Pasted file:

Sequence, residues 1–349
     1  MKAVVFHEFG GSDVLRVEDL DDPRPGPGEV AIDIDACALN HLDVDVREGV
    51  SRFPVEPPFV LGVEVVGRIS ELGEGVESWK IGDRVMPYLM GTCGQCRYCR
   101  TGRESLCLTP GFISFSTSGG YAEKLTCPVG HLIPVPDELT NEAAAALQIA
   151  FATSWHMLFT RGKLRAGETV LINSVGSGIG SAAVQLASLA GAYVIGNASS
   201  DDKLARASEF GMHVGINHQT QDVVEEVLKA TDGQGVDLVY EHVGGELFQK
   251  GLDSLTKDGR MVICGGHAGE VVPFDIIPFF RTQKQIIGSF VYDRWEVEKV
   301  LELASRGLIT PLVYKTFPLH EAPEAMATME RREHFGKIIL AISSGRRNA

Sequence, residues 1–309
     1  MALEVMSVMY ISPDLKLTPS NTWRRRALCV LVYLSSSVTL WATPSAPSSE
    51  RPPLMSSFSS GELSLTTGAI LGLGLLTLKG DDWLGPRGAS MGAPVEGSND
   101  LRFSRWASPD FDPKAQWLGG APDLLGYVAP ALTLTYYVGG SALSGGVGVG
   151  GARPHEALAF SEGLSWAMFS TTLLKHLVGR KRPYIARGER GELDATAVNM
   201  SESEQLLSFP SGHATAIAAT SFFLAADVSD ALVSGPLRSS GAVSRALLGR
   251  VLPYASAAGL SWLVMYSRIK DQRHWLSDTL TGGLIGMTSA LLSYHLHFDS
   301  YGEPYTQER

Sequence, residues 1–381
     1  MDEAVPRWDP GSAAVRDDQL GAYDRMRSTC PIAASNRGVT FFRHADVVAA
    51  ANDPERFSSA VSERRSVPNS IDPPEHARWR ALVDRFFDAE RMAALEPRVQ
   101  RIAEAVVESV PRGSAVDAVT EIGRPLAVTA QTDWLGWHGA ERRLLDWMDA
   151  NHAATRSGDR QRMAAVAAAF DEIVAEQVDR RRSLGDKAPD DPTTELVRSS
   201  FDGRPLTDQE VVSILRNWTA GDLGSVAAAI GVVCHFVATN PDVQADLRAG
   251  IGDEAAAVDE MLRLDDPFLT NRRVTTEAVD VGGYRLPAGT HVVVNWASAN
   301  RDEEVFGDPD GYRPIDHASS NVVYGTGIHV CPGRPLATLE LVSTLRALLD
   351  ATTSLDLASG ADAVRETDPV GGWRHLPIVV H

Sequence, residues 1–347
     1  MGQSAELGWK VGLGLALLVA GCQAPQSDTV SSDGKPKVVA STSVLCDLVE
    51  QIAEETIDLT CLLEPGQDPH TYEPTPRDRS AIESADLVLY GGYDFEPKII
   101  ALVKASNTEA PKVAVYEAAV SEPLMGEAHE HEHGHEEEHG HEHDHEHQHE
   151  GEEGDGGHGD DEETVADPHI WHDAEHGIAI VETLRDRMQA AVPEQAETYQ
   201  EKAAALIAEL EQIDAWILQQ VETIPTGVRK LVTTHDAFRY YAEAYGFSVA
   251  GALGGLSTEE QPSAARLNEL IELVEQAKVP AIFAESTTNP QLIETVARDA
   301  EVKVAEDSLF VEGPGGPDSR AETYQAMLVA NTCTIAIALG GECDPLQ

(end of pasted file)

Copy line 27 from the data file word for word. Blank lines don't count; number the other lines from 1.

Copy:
     1  MGQSAELGWK VGLGLALLVA GCQAPQSDTV SSDGKPKVVA STSVLCDLVE